The highlights from the box scores for the games of 4/17 are these.
Boston beat Seattle again, this time 7-6 on a walkoff homer by Mark Loretta, of all people. David Ortiz hit two homers, giving him six for the year, earlier in the game. Kevin Youkilis had two singles and a walk in the leadoff hole. Lenny DiNardo, who I didn't even know was a starter, threw five innings for Boston.
Cleveland walloped Detroit 10-2 on the strength of a six-run third inning. The 5-8 hitters for the Indians went 10-17 with two walks and three doubles, and the number nine hitter, Casey Blake, contributed a homer. Chris Shelton did hit his ninth homer of the season for Detroit and also walked once, but the Tigers managed just three other hits and two other walks. Alexis Gomez, who looks like a randomly generated AAA player from one of my PlayStation games, DH'd for the Tigers, and for some reason, was batting fifth, ahead of Shelton. That's a travesty, especially since Carlos Guillen also hits behind Shelton. There is absolutely no reason why a guy whose best minor-league slugging percentage was .466, and that season was four years ago, should be hitting in front of the major-league home run leader. None. Fire Jim Leyland!
The Orioles became my latest favorite team by beating the Angels 4-2. Baltimore scored two runs in each of the first two innings and just held on from there. Daniel Cabrera gave up just an unearned run in seven innings, striking out six and Chris Ray finished things for his fifth save of the year. Jeff Weaver pitched fine, and only two of the four runs were earned, as the other two were helped across by Orlando Cabrera's fourth error of the year. Garrett Anderson had three hits for Anaheim, and for some reason, Maicer Itzuris was DHing. Really? What happened to Juan Rivera?
Chicago shut out the Royals 9-0 and Kansas City managed just one hit and one walk against Jose Contreras and two relievers. John Buck compounded the problem by getting caught stealing. Paul Konerko did add his fifth homer of the year, and Joe Mays was bad, giving up eight runs (six earned) in 5 1/3 innings.
The Cardinals scored two in the top of the first on Albert Pujols's ninth homer of the year (the man just never stops), then held on for a 2-1 win over the Pirates. Jasons Marquis and Isringhausen pitched for St. Louis, with the latter getting his fourth save of the year and the former improving his record to 3-0. Pujols also added his second double of the year.
The Mets picked up their tenth win of the year behind Pedro Martinez's third. Andruw Jones blasted a solo homer against The Great Curled One, but Martinez struck out eight en route to a 6 2/3-inning, three-run performance. Xavier Nady had three hits, including his fourth homer, and Carlos Delgado added his fifth bomb of the year. Pete Orr was hitting leadoff for the Braves, which is odd because Marcus Giles was in the lineup.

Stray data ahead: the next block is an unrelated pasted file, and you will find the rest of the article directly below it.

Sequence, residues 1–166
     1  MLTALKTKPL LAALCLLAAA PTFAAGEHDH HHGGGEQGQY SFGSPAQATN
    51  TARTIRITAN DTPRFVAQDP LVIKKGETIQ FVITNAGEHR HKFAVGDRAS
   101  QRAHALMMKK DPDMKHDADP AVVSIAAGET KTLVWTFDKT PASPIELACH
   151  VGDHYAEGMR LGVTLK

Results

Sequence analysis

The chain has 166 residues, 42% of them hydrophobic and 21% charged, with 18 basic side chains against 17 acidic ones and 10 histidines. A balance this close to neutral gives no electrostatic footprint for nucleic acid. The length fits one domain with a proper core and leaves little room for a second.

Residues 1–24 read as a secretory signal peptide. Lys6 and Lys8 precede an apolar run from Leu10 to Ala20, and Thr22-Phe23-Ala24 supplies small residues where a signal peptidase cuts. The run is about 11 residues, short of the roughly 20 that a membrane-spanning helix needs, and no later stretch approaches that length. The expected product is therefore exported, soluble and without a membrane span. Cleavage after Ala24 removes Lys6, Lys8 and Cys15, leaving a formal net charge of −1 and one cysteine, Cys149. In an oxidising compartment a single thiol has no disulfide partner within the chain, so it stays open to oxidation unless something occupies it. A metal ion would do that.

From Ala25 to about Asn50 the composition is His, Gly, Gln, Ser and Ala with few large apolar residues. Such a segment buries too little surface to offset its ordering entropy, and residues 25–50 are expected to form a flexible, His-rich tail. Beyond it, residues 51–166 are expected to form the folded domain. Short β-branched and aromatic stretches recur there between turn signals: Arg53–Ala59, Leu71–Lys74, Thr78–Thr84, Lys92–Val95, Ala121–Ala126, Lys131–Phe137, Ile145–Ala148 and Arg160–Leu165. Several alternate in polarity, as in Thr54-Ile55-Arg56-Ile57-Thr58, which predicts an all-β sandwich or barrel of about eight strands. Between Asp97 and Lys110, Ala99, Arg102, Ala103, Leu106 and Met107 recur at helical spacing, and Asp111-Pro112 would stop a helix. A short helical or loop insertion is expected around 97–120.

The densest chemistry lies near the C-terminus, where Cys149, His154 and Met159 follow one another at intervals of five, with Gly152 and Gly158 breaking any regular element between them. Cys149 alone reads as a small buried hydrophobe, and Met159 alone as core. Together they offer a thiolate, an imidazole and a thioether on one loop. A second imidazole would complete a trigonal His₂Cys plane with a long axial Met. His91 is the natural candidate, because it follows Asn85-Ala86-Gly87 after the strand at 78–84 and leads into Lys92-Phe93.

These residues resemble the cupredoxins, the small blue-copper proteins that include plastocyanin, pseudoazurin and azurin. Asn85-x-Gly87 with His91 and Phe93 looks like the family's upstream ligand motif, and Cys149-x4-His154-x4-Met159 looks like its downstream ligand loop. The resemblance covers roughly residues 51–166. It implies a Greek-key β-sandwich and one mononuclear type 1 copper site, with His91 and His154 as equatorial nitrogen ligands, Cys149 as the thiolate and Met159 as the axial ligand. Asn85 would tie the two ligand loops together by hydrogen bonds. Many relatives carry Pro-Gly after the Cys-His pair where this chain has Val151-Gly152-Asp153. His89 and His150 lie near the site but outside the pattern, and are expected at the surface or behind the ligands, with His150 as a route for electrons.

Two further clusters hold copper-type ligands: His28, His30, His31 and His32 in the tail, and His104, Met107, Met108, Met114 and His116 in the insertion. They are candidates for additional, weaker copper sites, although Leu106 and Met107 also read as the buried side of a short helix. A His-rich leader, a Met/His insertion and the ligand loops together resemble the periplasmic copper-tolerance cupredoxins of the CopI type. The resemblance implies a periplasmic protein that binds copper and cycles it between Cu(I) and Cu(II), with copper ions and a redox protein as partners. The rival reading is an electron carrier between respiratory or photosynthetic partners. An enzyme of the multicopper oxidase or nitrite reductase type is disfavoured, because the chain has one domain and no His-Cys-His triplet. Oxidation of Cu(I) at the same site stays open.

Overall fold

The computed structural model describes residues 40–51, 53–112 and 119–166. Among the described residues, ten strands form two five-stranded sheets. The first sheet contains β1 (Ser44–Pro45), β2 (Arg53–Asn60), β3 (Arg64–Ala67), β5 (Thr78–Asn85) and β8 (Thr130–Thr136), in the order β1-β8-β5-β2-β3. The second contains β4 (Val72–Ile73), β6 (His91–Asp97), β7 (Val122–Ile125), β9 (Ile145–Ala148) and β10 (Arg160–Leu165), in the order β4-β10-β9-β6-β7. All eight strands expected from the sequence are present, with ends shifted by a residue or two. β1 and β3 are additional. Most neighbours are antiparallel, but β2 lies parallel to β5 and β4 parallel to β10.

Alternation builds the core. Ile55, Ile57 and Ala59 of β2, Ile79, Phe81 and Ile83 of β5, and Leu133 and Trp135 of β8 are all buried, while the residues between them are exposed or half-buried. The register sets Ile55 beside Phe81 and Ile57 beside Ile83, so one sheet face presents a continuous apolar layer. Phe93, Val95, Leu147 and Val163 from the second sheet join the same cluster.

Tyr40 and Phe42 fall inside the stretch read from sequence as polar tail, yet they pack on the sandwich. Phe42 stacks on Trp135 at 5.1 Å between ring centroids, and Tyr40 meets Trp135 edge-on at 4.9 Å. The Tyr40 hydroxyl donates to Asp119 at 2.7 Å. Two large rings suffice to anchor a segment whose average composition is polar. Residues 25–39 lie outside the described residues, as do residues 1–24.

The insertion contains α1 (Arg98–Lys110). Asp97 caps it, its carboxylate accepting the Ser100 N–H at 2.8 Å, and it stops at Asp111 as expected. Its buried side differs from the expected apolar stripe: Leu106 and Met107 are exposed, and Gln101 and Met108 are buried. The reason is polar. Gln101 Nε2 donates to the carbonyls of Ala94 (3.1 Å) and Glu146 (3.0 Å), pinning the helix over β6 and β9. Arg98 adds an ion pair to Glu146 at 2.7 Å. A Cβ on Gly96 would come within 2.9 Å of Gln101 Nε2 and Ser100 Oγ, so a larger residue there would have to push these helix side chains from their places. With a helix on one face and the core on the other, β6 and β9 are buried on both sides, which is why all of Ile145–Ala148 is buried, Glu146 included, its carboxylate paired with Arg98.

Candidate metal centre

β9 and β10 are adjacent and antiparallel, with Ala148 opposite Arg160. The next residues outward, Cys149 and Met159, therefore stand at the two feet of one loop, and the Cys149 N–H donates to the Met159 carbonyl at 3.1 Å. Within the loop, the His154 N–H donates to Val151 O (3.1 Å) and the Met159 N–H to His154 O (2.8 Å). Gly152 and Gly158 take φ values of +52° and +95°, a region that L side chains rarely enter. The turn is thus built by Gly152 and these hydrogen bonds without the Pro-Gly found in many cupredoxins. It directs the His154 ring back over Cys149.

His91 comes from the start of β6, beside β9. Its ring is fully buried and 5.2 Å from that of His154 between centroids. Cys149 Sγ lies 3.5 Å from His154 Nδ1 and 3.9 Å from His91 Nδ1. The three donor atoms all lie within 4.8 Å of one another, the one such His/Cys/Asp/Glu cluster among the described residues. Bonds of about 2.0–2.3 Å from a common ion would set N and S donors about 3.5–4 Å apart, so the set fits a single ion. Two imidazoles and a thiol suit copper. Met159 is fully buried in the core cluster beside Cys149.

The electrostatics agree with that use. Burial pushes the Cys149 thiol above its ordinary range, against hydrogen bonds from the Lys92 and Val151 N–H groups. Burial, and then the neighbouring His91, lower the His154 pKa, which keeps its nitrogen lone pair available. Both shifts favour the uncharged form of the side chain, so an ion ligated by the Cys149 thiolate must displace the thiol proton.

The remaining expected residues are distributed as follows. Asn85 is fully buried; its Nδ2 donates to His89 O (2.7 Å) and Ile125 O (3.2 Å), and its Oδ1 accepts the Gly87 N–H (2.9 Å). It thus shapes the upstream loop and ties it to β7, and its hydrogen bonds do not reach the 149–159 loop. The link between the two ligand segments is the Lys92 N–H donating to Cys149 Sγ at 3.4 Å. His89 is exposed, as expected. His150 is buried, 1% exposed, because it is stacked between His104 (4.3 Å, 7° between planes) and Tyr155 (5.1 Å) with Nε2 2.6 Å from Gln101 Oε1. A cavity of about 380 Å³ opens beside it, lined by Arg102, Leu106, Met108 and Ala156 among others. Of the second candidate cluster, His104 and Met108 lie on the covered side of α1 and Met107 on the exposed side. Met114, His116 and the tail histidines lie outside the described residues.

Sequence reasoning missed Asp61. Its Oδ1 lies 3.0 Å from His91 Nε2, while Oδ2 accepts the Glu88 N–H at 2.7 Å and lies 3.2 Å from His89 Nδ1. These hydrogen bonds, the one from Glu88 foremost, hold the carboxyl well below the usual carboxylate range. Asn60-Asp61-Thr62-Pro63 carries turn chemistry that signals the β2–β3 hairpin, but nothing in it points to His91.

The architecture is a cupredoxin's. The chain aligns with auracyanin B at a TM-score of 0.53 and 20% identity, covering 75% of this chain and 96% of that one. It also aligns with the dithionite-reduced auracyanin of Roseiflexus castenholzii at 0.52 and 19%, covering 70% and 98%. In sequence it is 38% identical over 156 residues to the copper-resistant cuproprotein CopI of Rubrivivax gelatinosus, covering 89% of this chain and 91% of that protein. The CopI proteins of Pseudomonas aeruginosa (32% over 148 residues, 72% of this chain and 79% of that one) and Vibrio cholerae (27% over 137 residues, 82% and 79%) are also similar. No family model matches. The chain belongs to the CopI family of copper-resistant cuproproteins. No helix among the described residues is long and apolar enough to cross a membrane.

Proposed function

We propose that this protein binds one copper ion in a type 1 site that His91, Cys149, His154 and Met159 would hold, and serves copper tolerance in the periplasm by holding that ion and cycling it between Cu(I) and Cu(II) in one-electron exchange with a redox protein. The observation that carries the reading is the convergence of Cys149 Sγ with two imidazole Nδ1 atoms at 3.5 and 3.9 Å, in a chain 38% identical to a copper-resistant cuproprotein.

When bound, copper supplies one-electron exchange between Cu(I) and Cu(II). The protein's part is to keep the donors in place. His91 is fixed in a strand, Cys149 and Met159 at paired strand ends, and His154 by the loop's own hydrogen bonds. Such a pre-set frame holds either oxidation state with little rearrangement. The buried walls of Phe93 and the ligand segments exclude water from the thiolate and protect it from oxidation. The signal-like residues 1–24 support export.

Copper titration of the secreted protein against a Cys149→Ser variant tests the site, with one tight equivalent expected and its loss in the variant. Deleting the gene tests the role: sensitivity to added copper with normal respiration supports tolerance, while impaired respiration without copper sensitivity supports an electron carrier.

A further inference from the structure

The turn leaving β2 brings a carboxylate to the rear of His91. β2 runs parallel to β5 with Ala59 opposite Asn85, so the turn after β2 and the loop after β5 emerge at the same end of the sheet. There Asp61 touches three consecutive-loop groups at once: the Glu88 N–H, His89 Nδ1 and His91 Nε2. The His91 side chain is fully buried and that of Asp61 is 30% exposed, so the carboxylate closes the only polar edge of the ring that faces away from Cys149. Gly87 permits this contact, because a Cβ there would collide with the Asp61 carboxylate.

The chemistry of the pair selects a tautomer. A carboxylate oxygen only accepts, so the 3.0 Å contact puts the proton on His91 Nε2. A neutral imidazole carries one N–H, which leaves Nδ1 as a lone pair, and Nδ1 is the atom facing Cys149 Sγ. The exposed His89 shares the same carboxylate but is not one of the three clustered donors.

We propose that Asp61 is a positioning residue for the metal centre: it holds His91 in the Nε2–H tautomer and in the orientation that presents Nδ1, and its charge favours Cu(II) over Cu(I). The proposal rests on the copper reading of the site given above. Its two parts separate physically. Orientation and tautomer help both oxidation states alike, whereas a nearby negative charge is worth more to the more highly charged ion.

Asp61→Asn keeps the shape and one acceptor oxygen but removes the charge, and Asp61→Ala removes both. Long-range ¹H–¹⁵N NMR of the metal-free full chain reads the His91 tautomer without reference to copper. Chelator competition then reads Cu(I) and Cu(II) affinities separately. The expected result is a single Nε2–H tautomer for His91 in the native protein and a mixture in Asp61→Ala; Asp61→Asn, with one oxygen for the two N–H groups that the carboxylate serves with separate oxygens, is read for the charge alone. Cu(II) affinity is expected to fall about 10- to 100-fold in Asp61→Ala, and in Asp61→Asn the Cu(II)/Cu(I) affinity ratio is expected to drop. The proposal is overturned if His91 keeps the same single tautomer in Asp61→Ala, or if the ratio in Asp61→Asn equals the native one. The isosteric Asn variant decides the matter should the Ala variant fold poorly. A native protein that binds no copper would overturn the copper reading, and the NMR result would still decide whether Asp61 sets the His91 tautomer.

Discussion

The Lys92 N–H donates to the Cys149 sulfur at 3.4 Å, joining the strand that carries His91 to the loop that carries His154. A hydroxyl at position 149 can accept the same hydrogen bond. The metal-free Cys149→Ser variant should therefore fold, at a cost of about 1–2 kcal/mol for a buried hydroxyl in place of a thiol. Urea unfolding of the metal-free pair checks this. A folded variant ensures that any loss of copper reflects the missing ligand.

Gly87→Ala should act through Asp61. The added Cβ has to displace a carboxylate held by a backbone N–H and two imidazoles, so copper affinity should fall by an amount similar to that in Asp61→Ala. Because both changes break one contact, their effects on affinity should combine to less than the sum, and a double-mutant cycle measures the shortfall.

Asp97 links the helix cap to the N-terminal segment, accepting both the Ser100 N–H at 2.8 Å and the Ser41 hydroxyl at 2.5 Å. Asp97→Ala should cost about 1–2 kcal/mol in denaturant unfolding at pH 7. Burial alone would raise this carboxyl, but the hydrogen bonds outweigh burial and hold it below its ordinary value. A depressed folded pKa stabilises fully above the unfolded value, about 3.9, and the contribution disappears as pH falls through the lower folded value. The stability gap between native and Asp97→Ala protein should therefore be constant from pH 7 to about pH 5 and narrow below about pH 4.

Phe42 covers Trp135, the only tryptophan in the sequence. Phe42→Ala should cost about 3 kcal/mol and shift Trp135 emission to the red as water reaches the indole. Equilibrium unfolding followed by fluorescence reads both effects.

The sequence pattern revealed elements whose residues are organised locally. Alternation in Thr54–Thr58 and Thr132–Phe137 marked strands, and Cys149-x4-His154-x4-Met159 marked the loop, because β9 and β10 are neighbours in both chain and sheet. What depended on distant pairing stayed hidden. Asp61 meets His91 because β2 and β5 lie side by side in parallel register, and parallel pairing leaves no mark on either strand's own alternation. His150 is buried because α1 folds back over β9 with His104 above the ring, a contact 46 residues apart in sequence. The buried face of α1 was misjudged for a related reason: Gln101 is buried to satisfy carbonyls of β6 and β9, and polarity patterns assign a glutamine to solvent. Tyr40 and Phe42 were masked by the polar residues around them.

Cincinnati beat the Marlins 9-1 behind a good seven-inning, no-run game from Brandon Claussen, who picked up his first win of the year. Scuffy Moehler lost his third for the Marlins, giving up eight runs in five innings. One of those was unearned, helped by Hanley Ramirez's fourth error of the year. Ramirez continued to hit, though, with two singles and a walk in the game.
Adam Dunn hit his eighth homer of the year and walked twice. The Reds, in fact, had six doubles and two homers, but just four singles. That's a lot of solid contact.
Houston beat the Brewers 8-7 with five runs in the bottom of the seventh. Matt Wise gave up all five runs for Milwaukee, and accordingly took the loss. Brad Lidge picked up his fourth save, and there were five homers in the game, including Carlos Lee's sixth of the season. Preston Wilson tried mightily, but he struck out five times in the game, leaving eight men on base. That takes real effort.
San Diego beat Colorado as Chris Young limited the Rockies to two runs in seven innings in Denver. Young also added a double off of Jeff Francis, his second two-bagger of the year. That's impressive for a guy with a strike zone the size of a Sunset Cliffs breaker. Young's having a year that Texas might prefer to the (non-)season that Adam Eaton is suffering through right now. Congratulations to Josh Barfield on his first major-league homer. Does it count if it comes in Colorado?
San Francisco won a wild one, 10-9, by scoring three times over the last two innings against Luis Vizcaino and Jose Valverde. Barry Bonds walked a couple of times, and Tim Worrell picked up his sixth save of the year. Otherwise, it was a pretty routine slugfest.
Chicago beat the Dodgers 4-1 behind a vintage Greg Maddux start: eight innings, three hits, one run, no walks, six strikeouts, 87 pitches. He even added an RBI single, since, donchaknow, chicks dig the long ball.